An Introduction to U.S. Monetary Policy

Most people find economics complicated to the point of being impenetrable. Of all the subject areas within economics, monetary theory and policy may be the most challenging for the general public. Money itself is a bit puzzling. After all, how did it happen that we give other people real goods and services and are willing to accept little pieces of paper or metal, or even bits and bytes on a computer, in return? When we expand that set of issues to include the workings of banks and other financial institutions, matters become even more abstract and complex. Few people understand how banks shift funds around and buy and sell sophisticated financial instruments. Adding monetary policy and the Federal Reserve System makes matters more complicated by an order of magnitude. The average citizen does not understand how the Fed makes its decisions, what it is trying to accomplish, or how it executes its plans.

In the text that follows, I hope to demystify many of these issues in monetary economics and monetary policy. Understanding what the Federal Reserve System (“the Fed”) does today and how it attempts to achieve macroeconomic policy goals requires some knowledge of where the Fed came from, what tools it has at its disposal, and what various objectives it might be trying to accomplish. I will explore the history of monetary institutions in the United States to put the Fed’s role in context and then look at the tools it can use to affect the money supply and, in turn, the macroeconomy. There are a variety of indicators that monetary policy makers might choose to affect, and which ones they target depends on their beliefs about the state of the economy and, more importantly, the particular macroeconomic theory they subscribe to. I will critically assess several of those frameworks and offer a superior alternative.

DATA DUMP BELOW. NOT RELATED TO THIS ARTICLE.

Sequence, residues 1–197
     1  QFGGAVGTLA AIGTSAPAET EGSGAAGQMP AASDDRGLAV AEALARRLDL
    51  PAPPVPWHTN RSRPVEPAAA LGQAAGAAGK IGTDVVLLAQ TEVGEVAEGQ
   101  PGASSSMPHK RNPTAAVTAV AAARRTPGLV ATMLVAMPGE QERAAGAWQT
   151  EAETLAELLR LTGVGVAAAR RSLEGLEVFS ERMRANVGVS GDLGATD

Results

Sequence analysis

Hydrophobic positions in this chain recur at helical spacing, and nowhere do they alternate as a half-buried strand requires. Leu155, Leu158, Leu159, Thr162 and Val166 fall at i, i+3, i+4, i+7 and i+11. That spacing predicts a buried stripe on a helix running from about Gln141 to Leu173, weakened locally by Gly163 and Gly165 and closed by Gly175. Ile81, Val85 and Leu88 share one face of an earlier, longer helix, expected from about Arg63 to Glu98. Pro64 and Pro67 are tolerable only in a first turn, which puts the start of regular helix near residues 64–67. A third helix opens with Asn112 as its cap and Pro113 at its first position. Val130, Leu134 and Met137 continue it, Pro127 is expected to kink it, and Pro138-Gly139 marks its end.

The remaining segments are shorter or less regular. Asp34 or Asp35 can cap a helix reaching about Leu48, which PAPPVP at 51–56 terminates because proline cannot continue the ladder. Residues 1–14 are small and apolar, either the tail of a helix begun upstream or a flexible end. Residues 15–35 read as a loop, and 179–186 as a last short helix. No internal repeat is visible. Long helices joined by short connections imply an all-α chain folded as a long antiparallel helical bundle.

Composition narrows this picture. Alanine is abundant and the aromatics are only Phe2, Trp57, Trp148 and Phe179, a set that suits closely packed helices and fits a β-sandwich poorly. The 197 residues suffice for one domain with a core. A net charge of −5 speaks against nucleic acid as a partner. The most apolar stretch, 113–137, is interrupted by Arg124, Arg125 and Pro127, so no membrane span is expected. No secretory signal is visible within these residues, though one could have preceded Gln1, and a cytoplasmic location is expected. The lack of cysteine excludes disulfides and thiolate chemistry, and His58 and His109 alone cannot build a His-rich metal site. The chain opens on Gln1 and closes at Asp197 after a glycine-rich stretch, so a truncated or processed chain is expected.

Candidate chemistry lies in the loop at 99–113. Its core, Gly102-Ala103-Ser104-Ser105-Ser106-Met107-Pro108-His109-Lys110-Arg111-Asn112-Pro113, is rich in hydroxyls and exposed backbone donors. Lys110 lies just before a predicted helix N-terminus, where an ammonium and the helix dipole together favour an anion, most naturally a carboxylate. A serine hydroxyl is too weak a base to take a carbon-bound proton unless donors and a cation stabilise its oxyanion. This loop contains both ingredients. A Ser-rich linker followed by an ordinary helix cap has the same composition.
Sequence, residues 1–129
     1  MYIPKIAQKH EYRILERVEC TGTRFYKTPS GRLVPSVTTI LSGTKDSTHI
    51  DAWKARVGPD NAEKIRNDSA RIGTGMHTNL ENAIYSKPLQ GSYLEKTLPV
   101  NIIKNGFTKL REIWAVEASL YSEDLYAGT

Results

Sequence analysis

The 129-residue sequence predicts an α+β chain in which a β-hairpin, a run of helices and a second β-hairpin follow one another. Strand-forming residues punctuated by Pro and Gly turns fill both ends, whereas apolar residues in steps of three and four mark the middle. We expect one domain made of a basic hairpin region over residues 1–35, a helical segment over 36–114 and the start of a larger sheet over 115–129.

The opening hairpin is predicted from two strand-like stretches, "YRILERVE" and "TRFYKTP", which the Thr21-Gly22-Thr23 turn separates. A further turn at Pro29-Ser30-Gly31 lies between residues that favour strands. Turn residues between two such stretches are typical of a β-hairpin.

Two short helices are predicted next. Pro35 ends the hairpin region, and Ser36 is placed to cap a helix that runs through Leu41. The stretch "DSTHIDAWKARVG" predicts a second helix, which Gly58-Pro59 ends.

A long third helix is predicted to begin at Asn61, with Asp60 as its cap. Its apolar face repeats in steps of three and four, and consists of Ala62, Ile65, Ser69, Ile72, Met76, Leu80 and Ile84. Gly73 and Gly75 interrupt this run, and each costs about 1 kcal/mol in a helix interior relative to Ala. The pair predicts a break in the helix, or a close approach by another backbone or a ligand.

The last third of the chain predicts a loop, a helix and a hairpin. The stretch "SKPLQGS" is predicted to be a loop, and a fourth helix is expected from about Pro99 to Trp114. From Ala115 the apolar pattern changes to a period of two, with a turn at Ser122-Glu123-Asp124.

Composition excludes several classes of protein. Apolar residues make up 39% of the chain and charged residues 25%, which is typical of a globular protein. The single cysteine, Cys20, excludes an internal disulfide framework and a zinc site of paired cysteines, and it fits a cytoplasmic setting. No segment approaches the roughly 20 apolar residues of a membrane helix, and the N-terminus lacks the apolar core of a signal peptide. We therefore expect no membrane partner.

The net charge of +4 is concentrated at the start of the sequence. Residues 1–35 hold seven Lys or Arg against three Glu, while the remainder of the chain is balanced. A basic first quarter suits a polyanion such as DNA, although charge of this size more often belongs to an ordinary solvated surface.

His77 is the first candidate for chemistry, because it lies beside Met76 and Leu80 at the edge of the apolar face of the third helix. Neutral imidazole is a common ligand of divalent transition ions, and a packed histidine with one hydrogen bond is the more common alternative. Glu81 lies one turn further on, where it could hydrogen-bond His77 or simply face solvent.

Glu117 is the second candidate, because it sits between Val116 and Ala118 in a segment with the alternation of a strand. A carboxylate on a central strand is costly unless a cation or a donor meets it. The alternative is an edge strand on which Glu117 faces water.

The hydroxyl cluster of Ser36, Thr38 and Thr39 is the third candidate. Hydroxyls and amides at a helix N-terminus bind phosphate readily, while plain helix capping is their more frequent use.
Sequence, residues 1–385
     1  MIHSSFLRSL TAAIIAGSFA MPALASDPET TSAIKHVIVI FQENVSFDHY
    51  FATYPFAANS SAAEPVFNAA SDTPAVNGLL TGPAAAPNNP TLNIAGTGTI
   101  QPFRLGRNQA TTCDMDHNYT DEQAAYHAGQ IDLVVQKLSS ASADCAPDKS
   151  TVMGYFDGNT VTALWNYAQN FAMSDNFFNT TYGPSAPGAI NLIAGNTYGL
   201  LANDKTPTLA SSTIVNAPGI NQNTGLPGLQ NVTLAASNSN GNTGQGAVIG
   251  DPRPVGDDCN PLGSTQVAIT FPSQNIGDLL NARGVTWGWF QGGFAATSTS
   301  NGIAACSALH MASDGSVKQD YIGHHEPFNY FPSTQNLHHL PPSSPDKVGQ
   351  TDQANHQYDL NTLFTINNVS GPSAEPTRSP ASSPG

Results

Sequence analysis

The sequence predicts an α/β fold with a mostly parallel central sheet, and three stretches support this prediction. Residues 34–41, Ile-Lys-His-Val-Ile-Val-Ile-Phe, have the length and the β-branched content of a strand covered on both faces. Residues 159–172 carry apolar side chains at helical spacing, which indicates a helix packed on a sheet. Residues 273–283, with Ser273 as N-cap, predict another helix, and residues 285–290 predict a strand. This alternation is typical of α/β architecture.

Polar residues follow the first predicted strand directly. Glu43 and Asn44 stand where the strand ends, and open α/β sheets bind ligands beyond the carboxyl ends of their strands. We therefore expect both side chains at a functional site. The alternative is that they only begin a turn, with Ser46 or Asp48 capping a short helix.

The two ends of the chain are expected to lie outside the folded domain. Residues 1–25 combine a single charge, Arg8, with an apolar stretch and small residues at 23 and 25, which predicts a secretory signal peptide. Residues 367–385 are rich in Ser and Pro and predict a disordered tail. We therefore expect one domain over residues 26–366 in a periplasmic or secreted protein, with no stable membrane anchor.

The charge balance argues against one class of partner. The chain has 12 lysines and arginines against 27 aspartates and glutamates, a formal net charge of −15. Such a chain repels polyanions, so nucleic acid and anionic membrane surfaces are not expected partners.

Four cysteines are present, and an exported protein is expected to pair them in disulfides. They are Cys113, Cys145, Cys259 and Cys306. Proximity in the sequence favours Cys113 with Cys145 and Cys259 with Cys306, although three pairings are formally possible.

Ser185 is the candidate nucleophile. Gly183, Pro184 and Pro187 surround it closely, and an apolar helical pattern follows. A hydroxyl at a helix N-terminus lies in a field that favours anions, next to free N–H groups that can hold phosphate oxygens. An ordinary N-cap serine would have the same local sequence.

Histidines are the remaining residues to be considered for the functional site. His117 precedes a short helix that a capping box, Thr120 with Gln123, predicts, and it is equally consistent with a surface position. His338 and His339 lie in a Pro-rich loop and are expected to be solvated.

Monetary policy is important to understand, and to understand correctly, because mistakes can cause enormous problems. On the one hand, not creating enough money can lead to the kind of massive deflation we saw in the early 1930s that turned a severe recession into the Great Depression. On the other hand, creating too much money can lead to serious inflation like the United States saw in the 1970s and early 1980s and to the far worse inflation that other countries have experienced in the last few decades. Those high rates of inflation damage not just the macroeconomy, but also many of the households it comprises. Finally, I will consider some alternatives to the Federal Reserve System and evaluate their potential for providing a stable monetary framework for sustainable economic growth by avoiding both deflation and inflation.

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